AMD announced a range of new products today at its Data Center and AI Technology Premier Event in San Francisco, California. The company has finally released details about its 5nm EPYC Bergamo processors for cloud-native applications and the chips are shipping to customers now.
AMD also has an Instinct MI300 processor with 3D-stacked CPU and GPU cores on the same package as the HBM and eight accelerators in one platform delivering a staggering 1.5TB capacity. They also announced a new GPU-only MI300X model that will be used. HBM3 memory. AMD also announced EPYC Genoa-X processors with up to 1.1GB of L3 cache. All three of his products are available now, but AMD will also launch his EPYC Sienna processors for carriers and edge later in 2023.
AMD EPYC Bergamo
image 1 of Four
AMD’s 128-core EPYC Bergamo processor is the industry’s first x86 native CPU, designed for highest core density with optimized Zen 4c cores that take half the space required for each core It has been. These chips will compete with Intel’s 144-core Sierra Forest chips, which mark the debut of Efficiency Cores (E-cores) in Intel’s Xeon data center lineup, and Amper’s 192-core AmpereOne processors, not to mention custom silicon in development. . Adopted by Google and Microsoft.
All of these products are designed to maximize power efficiency for highly parallel, latency-tolerant workloads. Examples include high-density VM deployments, data analytics, and front-end web services. The chip offers a higher core count than standard data center solutions and a lower frequency and power envelope.
AMD’s Bergamo features 128 cores and will be in a server platform utilizing the same socket SP5 as the standard 96-core EPYC Genoa processor. Like its regular counterpart, Bergamo supports 12-channel memory running at DDR5-4800. AMD forged the chip by combining a chiplet with Zen 4c cores with the company’s existing “Floyd” central I/O die, making the computing chiplet a memory and I/O chip based on an older process node. Tie to let.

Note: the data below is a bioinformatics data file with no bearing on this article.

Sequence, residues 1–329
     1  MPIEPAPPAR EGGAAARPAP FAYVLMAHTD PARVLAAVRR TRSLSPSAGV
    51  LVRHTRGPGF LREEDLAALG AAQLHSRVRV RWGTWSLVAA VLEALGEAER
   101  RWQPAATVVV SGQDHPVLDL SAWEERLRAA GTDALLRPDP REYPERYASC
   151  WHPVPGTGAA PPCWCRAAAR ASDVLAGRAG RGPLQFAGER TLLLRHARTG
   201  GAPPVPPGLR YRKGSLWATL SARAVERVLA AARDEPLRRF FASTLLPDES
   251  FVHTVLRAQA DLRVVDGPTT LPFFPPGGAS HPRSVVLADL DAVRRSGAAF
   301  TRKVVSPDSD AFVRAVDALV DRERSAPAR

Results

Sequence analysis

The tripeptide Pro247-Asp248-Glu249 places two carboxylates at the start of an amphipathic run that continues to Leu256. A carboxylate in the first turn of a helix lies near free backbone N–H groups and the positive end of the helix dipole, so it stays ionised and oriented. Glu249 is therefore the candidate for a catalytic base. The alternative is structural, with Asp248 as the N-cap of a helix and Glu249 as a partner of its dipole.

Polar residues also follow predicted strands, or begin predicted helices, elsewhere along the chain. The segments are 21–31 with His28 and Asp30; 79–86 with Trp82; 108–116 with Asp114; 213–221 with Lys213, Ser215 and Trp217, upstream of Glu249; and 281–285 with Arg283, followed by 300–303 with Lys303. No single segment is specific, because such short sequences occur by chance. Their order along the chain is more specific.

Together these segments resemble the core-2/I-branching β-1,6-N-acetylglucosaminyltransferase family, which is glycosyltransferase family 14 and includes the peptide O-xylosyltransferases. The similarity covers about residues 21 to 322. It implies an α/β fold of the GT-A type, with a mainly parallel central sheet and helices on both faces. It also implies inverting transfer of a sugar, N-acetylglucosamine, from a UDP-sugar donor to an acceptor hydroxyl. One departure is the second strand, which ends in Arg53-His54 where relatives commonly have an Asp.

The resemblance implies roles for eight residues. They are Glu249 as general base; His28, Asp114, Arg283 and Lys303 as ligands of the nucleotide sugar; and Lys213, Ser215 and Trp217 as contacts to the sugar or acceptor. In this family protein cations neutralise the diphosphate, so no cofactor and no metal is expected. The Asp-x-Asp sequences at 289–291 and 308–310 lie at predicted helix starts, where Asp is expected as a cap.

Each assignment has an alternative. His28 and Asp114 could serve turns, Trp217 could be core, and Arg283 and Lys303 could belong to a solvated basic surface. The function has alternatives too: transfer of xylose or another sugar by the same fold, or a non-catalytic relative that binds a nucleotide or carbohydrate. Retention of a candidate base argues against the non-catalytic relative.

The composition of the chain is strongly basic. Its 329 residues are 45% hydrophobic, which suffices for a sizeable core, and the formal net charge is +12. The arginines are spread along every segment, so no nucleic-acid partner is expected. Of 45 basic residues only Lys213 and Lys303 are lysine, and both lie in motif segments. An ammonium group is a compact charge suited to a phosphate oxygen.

|row 0 – cell 0||cores/max threads||Base/Boost (GHz)||Default TDP||L3 cache|
|9754S||128 / 128||2.25/3.1||360W||256MB|
So far, AMD has announced the above two Bergamo processors, the EPYC 9754 with 128 cores/256 threads and the EPYC 9734 with 112 cores/224 threads. The latter has two cores disabled per CCD. Most of the rest of the specs other than the number of cores are the same, so the 9734 has all 16MB of L3 cache per CCX for a total of 256MB of L3 cache. AMD claims a 2.7x improvement in energy efficiency with the Bergamo chip.
image 1 of 3
AMD shared some extensive information about the Bergamo architecture, including a core + L3 cache area of 2.48mm^2, which is 35% smaller than the 3.84mm^2 achieved on the same process node as standard Zen. bottom. 4 cores. AMD employs his eight 16-core CCDs to reach a peak core count of 128 cores.
Also note that AMD currently uses only 8 Zen 4C chiplets with central IO chiplets, while the standard EPYC chips use up to 12 Zen 4 chiplets. Interesting to note. Could we see a future Zen 4C solution with 12 chiplets and 192 cores? Perhaps AMD hasn’t announced such a design yet so we’ll have to wait and see.
We are learning more about the architectural details of the chip today. Stay tuned for more news.